"Sei arrivato in fondo."

Translation:You have arrived at the bottom.

January 2, 2013

22 Comments


https://www.duolingo.com/leonardicus

"You have arrived to the end." is awkward English phrasing. When giving direction, saying "You have arrived at the end." is much more natural, and more correct.

January 2, 2013

https://www.duolingo.com/jlco

You have arrived at the bottom would be considered obscene in the UK and parts of the US. Tsk-tsk.

October 21, 2013

https://www.duolingo.com/malcolmissimo

That says more about you than about the translation. :-)

January 31, 2016

https://www.duolingo.com/xyphax

you've bottomed out is the English idiom

June 28, 2014

https://www.duolingo.com/malcolmissimo

Not quite. In Italian that's toccare il fondo. The English idiom can also mean that you've started to recover from the low point, in which case it's cominciare a riprendersi o a migliorare.

The recession has finally bottomed out = la recessione ha finalmente toccato il fondo. Sales have bottomed out = le vendite hanno cominciato a riprendersi.

March 26, 2018

https://www.duolingo.com/carli1195

Is this talking about the standings in a race? Or a disgruntled child pointing out that their parent was so late to the school play they missed it entirely?

July 10, 2014

https://www.duolingo.com/flaoxxx

This sentence could be used if you finished a long race, not about the standing of the race.

Or if you dig in a barrel and you find the bottom.

July 18, 2014

https://www.duolingo.com/BjornKruse

Could it be translated as the Eng. idiom, "You have reached the end" (of the rope...)?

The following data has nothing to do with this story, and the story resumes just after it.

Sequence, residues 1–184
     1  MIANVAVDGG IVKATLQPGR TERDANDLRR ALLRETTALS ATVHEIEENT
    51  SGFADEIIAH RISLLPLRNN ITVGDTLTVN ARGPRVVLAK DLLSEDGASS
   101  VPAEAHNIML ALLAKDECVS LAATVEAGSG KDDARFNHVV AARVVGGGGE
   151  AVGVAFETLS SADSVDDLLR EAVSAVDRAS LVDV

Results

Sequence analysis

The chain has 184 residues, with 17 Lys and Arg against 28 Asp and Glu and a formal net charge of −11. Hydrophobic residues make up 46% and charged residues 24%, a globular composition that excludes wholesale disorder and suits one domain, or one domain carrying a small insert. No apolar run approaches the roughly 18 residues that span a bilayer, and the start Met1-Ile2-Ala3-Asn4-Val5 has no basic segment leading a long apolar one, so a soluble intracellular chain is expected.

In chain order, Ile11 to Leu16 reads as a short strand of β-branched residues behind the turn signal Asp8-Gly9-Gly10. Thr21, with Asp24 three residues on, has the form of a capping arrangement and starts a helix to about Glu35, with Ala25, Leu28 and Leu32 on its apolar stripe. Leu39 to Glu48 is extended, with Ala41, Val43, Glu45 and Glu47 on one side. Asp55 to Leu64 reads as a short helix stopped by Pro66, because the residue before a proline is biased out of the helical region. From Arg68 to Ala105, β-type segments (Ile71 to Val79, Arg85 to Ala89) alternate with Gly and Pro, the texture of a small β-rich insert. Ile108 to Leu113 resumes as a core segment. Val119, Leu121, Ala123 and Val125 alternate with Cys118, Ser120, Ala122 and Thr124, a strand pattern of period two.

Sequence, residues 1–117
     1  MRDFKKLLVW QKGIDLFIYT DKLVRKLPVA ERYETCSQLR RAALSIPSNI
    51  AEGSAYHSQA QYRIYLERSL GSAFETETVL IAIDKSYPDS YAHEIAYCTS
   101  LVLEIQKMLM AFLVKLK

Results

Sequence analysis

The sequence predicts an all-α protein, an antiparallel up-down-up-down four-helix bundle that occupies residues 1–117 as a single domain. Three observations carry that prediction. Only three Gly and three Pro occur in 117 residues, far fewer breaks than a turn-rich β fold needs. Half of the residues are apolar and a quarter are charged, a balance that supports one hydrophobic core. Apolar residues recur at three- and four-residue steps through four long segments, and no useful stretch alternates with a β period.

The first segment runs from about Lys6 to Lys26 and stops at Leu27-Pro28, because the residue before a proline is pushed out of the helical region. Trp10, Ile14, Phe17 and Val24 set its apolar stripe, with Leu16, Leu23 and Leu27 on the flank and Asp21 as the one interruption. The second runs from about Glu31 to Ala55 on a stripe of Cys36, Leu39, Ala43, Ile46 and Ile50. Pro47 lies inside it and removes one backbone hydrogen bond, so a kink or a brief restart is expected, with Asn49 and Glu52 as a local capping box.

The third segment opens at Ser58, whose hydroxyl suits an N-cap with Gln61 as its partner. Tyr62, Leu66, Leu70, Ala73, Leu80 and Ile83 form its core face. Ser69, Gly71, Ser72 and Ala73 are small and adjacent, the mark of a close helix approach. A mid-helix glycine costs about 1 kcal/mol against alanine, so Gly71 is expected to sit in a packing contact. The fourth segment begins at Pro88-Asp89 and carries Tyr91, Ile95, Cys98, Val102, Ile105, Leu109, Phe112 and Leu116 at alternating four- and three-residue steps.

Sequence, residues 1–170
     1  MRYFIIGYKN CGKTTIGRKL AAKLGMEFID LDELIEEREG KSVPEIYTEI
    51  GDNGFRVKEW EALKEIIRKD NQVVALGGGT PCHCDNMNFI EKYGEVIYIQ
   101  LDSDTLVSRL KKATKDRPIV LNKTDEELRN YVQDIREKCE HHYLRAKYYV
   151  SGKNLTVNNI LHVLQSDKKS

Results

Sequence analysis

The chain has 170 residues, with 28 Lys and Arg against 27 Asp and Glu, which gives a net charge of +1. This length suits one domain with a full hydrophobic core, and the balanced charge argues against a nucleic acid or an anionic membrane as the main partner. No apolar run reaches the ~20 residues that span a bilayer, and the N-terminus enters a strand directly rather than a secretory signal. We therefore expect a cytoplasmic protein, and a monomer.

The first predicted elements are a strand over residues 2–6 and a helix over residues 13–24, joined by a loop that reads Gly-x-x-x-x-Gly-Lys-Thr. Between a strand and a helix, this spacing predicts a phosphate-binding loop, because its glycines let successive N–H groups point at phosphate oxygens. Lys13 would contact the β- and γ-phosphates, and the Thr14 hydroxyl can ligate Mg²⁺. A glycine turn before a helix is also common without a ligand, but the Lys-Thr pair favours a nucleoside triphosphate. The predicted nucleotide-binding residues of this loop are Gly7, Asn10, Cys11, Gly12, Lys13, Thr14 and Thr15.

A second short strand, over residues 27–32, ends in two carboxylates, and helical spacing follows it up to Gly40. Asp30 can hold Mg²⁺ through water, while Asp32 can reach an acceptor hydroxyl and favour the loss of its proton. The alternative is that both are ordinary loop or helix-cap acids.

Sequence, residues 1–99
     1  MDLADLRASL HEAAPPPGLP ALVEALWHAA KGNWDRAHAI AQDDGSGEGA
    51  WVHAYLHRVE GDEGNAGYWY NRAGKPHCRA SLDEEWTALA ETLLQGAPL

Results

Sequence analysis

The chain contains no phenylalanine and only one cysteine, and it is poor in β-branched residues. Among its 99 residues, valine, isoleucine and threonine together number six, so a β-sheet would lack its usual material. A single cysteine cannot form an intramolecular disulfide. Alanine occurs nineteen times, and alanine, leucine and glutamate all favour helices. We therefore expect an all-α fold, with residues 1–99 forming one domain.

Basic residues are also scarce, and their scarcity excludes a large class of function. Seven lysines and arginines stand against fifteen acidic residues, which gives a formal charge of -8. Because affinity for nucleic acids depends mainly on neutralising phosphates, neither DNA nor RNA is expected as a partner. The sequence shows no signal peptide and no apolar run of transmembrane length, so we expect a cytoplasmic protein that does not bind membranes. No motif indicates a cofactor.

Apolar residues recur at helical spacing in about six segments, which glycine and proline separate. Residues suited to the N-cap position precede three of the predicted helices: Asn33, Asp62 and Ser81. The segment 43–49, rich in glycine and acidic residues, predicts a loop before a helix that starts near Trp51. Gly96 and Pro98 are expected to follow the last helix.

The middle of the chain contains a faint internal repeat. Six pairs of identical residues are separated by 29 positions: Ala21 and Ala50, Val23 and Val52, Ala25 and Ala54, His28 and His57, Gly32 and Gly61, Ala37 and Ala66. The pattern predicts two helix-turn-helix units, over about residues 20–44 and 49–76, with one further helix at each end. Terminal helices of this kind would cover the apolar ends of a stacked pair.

May 3, 2015

https://www.duolingo.com/Muyil

You have reached the bottom?

July 15, 2015

https://www.duolingo.com/Ruckelhaxan

Sounds better to me! But then again, I'm not a native English speaker :)

March 15, 2019

https://www.duolingo.com/KyleMeaker

I think they might mean "You have come to the end".

February 15, 2015

https://www.duolingo.com/Margaret_S

Could be literal (They have funicule here, so getting to the bottom of it could be literal) or an idiom... or both.

April 14, 2015

https://www.duolingo.com/malcolmissimo

"Come" is now rejected.

Some uses of "arrivare" accept "come", some don't. Duo should either make everything consistent, or explain why not in the discussion.

January 31, 2016

https://www.duolingo.com/stansurf

Barron's Italian Dictionary states that the phrase "in fondo" means "after all". So could a possible translation of "Sei arrivato in fondo" be "You have arrived after all"? Thanks to any Italian speaker who can give me guidance!

March 18, 2016

https://www.duolingo.com/flaoxxx

The mean you propose is correct, but it is not normally used in Italy in this type of context.

A correct context could be "Non e' cosi cattivo in fondo" (He is not so bad after all)

In my opinion in this case the mean is "you are arrived to the bottom".

March 18, 2016

https://www.duolingo.com/Storybookmum

Two questions ago, I had "nel fondo" given as correct.

June 18, 2014

https://www.duolingo.com/AndrDemetr

"nel fondo" literally translate to "in the end". In this question "Sei arrivato nel fondo " translates to "You arrived in the end (eventually).

July 10, 2015

https://www.duolingo.com/tonidapillipi

"You came last" would be a more likely way to express this in English, but Duolingo told me it was wrong!

February 6, 2015

https://www.duolingo.com/Caterinabella

I put "You arrived at the end" and was accepted. Maybe you arrived at the end of the play and missed it?

November 19, 2016

https://www.duolingo.com/George_psy

"In fondo siamo stati insieme" says in the song "non ti scordar".. In fondo can definitely be used as an idiom meaning -in the end

July 13, 2017

https://www.duolingo.com/Elena597372

You have arrived at the bottom makes no sense in English unless it is referring to, say, riding an elevator, or hiking down a mountain. You have arrived at last would be a much more common general phrase in conversation. If that is NOT what this means in Italian, then how would you say THAT in Italian, as that seems a more useful phrase to know.

April 27, 2018

https://www.duolingo.com/malcolmissimo

Sei finalmente arrivato/a. Usually, finalmente = at last and infine = finally/in the end, which seem to be the wrong pairings, but aren't.

April 27, 2018
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